US Missions China and Mexico: The One Million Visa Applicants Club

It’s not the end of the the fiscal year yet, but the State Department just announced that the US Mission in China (Embassy Beijing, USCG Chengdu, Guangzhou, Shanghai, Shenyang) has processed more than one million visa applications to date. US Mission Brazil is reportedly on track to become the third member of this very small club.

Consular Officers at the U.S. Embassy in Beijing and our four consulates general in Chengdu, Guangzhou, Shanghai, and Shenyang have processed more than one million visa applications to date in fiscal year 2012 while reducing the wait time for a visa interview appointment to approximately one week.

This extraordinary accomplishment represents visa processing growth of almost 43% over the same period last fiscal year, when we had processed just over 675,000 visa applications in China.

To achieve this, we increased staff, improved workflow, implemented a new pilot program waiving the in-person interview requirement in certain instances, and undertook other changes to our procedures – without compromising border security.

We are implementing permanent solutions to keep us ahead of the growing visa demand for years to come. During a June trip to China, the Department’s top consular official, Assistant Secretary of State for Consular Affairs Janice Jacobs, cut the ribbon on a reopened annex to our Embassy in Beijing, greatly increasing visa interview capacity.

China is not the only place where the State Department has achieved great success in meeting dramatic increases in visa demand. In Brazil, we have processed almost 44% more visa applications so far in FY 2012 than we did during the same period last year. In Mexico, we have processed 36% more visa applications. China and Mexico are the only two U.S. Missions that process more than one million visa applications each year, although Brazil is on track to become the third.

The accomplishments announced today reflect the Obama Administration’s commitment towards increasing U.S. jobs by encouraging more people to visit our country. For more information on the Obama Administration’s recent efforts to increase travel and tourism, please see http://www.whitehouse.gov/the-press-office/2012/05/10/obama-administration-continues-efforts-increase-travel-and-tourism-unite.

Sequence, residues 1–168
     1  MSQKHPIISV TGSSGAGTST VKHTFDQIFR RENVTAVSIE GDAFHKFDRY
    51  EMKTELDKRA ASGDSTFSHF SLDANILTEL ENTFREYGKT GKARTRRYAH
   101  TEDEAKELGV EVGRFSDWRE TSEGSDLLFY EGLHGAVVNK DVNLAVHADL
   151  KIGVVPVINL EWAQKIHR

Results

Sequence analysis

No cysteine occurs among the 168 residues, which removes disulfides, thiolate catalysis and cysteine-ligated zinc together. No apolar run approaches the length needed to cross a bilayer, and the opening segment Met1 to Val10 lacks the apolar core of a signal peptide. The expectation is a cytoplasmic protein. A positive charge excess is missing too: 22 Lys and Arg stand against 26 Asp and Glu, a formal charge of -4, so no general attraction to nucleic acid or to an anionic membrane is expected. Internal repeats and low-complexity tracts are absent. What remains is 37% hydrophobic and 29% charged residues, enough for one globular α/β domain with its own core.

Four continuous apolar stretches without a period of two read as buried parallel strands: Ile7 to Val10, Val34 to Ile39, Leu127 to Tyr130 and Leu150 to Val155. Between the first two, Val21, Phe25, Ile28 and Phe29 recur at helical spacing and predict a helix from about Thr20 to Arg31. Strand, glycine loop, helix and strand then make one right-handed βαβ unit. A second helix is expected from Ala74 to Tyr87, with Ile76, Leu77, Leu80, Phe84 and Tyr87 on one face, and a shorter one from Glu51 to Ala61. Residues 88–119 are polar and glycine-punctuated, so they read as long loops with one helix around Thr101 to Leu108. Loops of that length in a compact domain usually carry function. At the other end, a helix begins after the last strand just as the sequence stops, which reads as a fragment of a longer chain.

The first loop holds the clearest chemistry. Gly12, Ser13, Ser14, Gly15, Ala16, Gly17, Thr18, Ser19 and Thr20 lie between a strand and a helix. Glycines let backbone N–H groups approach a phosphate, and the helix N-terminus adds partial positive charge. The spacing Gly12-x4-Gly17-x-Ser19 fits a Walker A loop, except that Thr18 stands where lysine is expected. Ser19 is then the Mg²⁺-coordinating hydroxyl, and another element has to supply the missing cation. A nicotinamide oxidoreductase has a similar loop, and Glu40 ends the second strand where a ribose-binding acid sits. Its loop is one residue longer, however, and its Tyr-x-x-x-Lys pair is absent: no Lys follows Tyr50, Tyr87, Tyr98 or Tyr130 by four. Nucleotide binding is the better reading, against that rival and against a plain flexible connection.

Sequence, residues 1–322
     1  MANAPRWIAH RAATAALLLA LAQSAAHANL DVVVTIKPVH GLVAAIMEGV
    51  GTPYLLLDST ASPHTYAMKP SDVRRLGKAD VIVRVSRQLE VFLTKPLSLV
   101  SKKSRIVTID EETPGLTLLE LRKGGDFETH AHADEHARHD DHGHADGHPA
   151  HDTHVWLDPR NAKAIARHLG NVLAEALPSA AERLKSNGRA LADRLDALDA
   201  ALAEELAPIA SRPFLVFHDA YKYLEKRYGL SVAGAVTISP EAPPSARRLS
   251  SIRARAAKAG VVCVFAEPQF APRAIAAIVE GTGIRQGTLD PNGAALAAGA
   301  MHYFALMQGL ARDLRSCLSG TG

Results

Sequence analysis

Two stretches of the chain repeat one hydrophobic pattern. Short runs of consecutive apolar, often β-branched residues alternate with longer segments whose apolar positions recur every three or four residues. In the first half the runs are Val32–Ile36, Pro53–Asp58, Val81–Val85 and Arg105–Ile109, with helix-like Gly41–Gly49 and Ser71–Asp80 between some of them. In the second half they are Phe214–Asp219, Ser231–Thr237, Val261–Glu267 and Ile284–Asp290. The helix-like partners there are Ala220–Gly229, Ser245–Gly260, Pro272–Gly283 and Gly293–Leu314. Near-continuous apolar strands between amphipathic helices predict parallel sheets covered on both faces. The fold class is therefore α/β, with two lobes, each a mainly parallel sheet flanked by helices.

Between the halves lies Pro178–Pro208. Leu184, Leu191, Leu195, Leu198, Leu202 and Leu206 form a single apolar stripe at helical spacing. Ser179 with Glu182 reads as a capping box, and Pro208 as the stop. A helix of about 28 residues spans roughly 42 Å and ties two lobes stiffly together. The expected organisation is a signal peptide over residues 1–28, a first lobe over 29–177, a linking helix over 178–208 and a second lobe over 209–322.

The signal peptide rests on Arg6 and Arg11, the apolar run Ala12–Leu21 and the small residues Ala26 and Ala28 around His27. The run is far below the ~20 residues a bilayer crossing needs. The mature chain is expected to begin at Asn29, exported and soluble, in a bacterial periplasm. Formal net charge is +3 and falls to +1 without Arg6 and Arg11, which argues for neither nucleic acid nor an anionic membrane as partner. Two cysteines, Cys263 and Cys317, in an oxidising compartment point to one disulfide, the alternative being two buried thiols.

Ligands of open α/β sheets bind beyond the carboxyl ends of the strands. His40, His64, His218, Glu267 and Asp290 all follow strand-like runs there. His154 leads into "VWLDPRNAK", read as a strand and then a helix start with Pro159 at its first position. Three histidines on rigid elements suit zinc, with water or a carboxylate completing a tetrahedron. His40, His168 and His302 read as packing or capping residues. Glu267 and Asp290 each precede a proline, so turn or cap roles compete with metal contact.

The current wait time for NIV appointments across consular posts in China is between 2-3 days.   In Mexico City, it is 24 days. Last month, USCG Guadalajara, Mexico made it as the top #8 consular post on wait time at 47 days (h/t to Consular Corner).  In Brasilia, the wait time is one day.

In related news, applicants in the UAE complained of long wait to schedule visa appointments a year after the US consulate moved to a bigger facility in Bur Dubai that was supposed to make the process smoother (see Disgruntled residents call for speedier US visit visas). Abu Dhabi currently has a 36-day wait while Dubai has 28 days.  That’s still way faster than Havana, currently the top post on wait time at 999 days.

Domani Spero

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2 responses

  1. Consular operations in Mexico never get any love. How much you want to be that U.S. consular sections in Mexico issued their 1 millionth visa of FY2012 a month ago and neither the White House nor the State Department said anything, because the American public for some bizarre reason thinks Chinese and Brazilians getting visas translate to more money being spent in the U.S. but visas to Mexicans engender negative images in the average AmCit’s mind. How many outside resources has the DOS sent to consular sections in Mexico vs. in Brazil? In fact, staff FROM consular sections in Mexico has been sent to help Brazil!

    • Sarah, I suspect that you are right but wanted to have some numbers. US Mission Mexico actually issued 1,315,116 nonimmigrant visas in FY2011. That’s just the issuance, which means the total visa applications are way higher. Unfortunately, Consular Affairs is shy about publishing the total number of visa applications including the refusals which in the case of Mexico would presumably be higher than the visa issuance.

      I’ve looked online to see if I’ve missed any State Dept announcement about Mission Mexico hitting the million applications last fiscal year, but it does seem like there were no bells, whistles or fireworks when that milestone was reached. As to sending staff from Mexico to help Brazil — that’s a tad loony, shuffling the decks, to look good; work still needs to be done. Must be why there is a wait time in Mexico and there is almost none in China and Brazil.